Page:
Communication: Communication systems have been improving throughout Ghana, and cell phone reception is available at most sites. The level of reception, clarity, and speed of internet (where available) varies greatly.

Transportation: Volunteers live and serve in rural communities. Transportation to and from your community is primarily via public vehicles, which, depending on the remoteness of the site, can have irregular schedules and may or may not be well maintained. Often, travel requires long hours on rough roads in buses and minivans. Volunteers generally walk or bike around their communities. Volunteers are not permitted to drive or ride on motor bikes.

Dress: The standard of dressing for the workplace in Ghana includes wearing business casual attire in good to excellent condition and freshly cleaning attire on a regular basis. Dressing appropriately is a sign of respect in your host community, and demonstrates that you take your job seriously. During Pre-Service Training, the dress code is business casual. You will need to dress appropriately for work and social situations in your community. Dressing appropriately will help you gain respect in your host community, facilitate integration, and increase your credibility and effectiveness. It is advised to take cues from your Ghanaian colleagues and dress to their standards of professionalism.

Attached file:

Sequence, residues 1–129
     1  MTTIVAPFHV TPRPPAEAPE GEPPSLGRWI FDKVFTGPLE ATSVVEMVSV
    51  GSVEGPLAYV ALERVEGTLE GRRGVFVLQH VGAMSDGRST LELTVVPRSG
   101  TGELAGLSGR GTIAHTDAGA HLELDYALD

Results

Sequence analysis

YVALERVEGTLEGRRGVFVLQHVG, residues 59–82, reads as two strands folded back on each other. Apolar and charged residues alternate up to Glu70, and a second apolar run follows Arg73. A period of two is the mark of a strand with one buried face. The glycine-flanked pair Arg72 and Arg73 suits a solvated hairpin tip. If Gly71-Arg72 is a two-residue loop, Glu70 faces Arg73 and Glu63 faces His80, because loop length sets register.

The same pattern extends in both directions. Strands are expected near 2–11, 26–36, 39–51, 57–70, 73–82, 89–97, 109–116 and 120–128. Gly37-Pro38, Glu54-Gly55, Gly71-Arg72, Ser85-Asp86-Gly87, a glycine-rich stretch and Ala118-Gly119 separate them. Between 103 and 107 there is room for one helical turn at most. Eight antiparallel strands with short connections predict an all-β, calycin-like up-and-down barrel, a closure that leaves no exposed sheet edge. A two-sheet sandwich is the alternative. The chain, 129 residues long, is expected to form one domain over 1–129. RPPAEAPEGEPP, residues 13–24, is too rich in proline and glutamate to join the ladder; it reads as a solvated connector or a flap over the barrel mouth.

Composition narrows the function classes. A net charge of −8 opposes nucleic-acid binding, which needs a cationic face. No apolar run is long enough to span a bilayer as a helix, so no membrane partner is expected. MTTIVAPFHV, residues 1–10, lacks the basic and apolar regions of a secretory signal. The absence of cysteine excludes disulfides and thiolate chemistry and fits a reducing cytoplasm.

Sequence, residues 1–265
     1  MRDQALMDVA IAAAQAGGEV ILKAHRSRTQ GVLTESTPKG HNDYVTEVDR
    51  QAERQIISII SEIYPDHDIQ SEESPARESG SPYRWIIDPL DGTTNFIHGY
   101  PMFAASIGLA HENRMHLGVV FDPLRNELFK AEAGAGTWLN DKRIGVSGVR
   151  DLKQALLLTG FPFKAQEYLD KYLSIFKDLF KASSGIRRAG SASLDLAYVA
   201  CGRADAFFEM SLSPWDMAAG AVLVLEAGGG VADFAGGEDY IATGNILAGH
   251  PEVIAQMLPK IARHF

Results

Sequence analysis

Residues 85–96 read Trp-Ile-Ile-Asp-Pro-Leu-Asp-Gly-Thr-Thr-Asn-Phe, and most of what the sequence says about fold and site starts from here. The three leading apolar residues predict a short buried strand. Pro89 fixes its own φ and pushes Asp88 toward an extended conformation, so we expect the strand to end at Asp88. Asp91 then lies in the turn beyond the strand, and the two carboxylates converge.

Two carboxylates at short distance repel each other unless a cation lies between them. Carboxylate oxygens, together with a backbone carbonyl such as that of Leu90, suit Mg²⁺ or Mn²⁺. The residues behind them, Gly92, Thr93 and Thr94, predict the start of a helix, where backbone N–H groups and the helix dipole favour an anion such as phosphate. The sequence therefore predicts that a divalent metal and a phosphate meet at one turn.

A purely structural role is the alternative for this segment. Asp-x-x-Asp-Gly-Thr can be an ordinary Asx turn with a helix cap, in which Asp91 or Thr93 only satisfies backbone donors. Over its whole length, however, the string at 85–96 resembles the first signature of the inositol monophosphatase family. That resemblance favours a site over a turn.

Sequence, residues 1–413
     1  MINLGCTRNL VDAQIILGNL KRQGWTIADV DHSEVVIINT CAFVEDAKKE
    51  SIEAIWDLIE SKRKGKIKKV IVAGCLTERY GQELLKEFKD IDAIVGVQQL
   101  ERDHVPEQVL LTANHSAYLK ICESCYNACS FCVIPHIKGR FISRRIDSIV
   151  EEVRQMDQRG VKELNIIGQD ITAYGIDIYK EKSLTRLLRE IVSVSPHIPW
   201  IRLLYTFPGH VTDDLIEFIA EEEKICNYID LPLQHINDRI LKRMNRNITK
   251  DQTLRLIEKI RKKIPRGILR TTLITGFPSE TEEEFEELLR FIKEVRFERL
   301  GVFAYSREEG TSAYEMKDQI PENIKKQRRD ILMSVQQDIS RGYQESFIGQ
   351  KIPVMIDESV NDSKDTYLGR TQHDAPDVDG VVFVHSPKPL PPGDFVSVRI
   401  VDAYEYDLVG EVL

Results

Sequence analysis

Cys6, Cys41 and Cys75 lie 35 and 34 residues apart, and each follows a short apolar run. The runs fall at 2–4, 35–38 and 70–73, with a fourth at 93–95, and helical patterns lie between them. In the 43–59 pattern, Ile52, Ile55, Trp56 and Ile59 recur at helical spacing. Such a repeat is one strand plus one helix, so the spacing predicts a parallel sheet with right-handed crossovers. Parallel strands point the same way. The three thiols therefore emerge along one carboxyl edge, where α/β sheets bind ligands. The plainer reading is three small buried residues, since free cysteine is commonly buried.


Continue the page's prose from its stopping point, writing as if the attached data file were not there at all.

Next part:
Volunteers with visible body piercings or tattoos may need strategies to conceal them. Having visible body piercings and tattoos may make it more difficult to integrate into your host community.

Serving in Ghana

Learn more about the Volunteer experience in Ghana: Get detailed information on culture, communications, housing, health, and safety -- including health and crime statistics -- in order to make a well-informed decision about serving.

Couples Information

Peace Corps Ghana welcomes couples serving in any combination of programs. Your partner must apply and qualify for one of the following programs:

Agriculture Extension Agent
Community Health Extension Agent

Couples with one Community Health Extension Agent and one Agriculture Extension Agent will be able to reside in the same community during Pre-Service Training (PST), if desired. This arrangement would involve one individual “commuting” to their sector training facility – departing early and using public transportation to arrive on time. There will be a 2 week field-based training for each sector and during that time couples will reside separately.

When both partners are part of the same project (ex. Community Health Extension Agent with Community Health Extension Agent), they will reside together in the same community during Pre-Service Training and no one will need to “commute” to a separate training location.

During service at your permanent site, couples living conditions are the same as other Volunteers’ but couples will share a house or living quarters.

Medical Considerations

Before you apply, please review Medical Information for Applicants to learn about the medical clearance process.